SANTIAGO – Chilean authorities began an investigation on Monday into a strange sinkhole measuring 25 meters (82 feet) in diameter that appeared over the weekend in a mining area in the country’s north.
Aerial photographs of the sinkhole on territory operated by a Canadian Lundin Mining copper mine, around 665 kilometers (413 miles) north of Santiago, were released by Chilean media.
The National Service of Geology and Mining (Sernageomin) became aware of the sinkhole on Saturday and dispatched specialist employees to the region, according to the agency’s head, David Montenegro.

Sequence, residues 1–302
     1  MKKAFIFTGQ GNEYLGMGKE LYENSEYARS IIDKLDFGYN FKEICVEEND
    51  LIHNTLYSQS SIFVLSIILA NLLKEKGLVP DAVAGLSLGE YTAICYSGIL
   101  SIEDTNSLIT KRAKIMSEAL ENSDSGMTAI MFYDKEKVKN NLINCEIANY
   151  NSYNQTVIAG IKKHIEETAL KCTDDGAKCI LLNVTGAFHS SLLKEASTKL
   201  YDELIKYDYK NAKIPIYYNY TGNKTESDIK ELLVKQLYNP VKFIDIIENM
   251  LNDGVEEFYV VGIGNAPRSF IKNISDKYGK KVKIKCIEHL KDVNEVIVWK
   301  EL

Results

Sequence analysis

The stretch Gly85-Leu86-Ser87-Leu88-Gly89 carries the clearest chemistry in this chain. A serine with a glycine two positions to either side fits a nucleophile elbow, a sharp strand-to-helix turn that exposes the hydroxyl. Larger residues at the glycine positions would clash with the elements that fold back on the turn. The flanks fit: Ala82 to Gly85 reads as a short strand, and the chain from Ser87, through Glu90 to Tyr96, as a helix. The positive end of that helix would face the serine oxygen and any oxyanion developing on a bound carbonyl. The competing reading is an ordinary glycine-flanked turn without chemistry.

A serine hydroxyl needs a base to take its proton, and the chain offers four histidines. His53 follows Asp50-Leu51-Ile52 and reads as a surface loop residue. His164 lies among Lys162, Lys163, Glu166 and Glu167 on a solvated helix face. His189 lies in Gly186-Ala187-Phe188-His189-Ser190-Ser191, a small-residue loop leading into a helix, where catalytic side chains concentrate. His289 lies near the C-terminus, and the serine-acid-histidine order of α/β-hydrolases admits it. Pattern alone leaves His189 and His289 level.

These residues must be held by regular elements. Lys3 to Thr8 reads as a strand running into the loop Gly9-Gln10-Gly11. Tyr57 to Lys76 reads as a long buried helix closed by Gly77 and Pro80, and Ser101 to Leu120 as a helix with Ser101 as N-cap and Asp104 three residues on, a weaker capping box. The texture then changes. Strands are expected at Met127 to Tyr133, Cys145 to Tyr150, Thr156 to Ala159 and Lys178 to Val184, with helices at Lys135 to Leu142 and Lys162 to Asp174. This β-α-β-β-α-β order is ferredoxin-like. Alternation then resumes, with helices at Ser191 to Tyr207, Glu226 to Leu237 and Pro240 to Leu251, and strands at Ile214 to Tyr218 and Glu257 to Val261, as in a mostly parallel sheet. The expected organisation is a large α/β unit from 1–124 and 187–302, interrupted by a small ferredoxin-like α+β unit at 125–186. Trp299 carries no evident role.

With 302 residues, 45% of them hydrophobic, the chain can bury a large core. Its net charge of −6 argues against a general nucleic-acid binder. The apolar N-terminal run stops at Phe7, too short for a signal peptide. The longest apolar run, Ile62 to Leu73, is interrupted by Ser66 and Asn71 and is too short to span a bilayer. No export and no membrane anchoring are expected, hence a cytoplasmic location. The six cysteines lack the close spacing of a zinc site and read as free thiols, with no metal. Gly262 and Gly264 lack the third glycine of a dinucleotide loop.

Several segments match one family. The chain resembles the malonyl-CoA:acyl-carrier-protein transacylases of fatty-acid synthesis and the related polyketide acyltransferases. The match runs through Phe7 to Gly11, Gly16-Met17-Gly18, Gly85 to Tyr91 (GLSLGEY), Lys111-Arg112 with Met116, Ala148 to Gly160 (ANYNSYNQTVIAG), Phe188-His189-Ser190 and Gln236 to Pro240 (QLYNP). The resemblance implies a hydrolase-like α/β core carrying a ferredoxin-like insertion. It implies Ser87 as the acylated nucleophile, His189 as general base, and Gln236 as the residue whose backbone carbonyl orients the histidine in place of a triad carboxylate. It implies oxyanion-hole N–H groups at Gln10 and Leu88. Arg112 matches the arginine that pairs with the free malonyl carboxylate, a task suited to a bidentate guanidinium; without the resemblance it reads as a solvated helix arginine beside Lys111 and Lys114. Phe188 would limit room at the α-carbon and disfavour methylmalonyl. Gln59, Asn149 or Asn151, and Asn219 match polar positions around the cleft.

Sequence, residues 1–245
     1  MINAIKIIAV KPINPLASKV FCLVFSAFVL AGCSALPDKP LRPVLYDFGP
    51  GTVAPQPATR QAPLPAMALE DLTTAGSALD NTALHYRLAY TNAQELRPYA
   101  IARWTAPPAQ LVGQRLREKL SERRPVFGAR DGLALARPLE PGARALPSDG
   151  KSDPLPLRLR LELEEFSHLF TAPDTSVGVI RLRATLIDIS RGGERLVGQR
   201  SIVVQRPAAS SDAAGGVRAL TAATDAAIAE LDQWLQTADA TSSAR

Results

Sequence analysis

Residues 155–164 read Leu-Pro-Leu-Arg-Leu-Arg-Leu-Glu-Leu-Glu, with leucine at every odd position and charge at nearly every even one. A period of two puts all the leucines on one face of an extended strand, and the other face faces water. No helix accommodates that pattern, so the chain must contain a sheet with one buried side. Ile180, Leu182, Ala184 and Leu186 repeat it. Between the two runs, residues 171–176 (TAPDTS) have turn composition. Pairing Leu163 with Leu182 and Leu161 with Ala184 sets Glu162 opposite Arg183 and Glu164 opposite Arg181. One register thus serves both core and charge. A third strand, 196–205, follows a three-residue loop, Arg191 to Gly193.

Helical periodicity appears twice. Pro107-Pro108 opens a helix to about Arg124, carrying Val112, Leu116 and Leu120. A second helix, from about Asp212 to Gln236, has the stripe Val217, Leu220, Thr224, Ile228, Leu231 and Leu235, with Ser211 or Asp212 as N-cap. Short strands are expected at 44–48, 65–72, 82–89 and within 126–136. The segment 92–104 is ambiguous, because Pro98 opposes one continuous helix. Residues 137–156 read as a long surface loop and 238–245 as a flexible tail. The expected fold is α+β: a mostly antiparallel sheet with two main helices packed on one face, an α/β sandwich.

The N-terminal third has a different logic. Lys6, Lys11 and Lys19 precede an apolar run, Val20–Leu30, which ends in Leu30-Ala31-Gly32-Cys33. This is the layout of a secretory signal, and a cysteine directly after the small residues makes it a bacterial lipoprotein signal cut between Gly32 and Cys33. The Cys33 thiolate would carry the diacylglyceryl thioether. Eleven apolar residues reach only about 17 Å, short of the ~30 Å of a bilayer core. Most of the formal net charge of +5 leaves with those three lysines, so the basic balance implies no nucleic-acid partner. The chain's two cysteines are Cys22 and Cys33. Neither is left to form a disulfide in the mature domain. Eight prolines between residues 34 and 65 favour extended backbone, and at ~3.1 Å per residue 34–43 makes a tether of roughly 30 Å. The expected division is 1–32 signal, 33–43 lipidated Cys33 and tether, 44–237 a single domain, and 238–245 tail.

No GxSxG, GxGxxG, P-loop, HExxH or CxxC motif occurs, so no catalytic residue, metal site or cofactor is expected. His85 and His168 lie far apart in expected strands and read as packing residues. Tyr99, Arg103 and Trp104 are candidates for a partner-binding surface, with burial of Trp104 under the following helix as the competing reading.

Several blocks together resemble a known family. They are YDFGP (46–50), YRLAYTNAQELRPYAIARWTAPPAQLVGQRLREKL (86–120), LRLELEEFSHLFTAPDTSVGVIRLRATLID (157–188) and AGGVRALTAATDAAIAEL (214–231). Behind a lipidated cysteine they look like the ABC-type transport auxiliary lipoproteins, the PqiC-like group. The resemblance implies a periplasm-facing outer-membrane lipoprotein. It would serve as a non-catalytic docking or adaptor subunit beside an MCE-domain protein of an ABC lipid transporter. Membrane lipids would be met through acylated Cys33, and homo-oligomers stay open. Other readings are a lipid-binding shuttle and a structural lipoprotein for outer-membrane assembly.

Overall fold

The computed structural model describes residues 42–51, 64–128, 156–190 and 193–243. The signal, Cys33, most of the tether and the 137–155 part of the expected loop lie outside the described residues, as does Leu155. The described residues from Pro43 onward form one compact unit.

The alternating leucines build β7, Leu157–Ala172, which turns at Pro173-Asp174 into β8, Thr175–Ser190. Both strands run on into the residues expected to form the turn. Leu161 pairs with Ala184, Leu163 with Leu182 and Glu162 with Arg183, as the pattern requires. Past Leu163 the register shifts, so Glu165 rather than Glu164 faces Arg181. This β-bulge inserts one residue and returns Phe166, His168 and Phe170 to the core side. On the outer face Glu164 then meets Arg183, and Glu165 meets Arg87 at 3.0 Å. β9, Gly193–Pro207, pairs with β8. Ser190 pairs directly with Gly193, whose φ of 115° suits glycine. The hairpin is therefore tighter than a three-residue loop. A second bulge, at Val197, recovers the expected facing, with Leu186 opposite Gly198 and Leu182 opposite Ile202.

“There is a significant distance to the bottom, approximately 200 metres (656 feet),” Montenegro stated. “We haven’t found any material down there, but we have found a lot of water.”
Sernageomin reported the closing of regions surrounding the sinkhole’s entry to the Alcaparrosa mine’s work site.
Lundin Mining announced in a statement posted Monday afternoon that the sinkhole had no effect on workers or community people.
“The nearest residence is more than 600 metres (1,969 feet) away, while any populated area or public service is about a kilometer away from the affected zone,” according to the statement.
Lundin Mining holds 80% of the land, with the remainder held by Japan’s Sumitomo Corporation.
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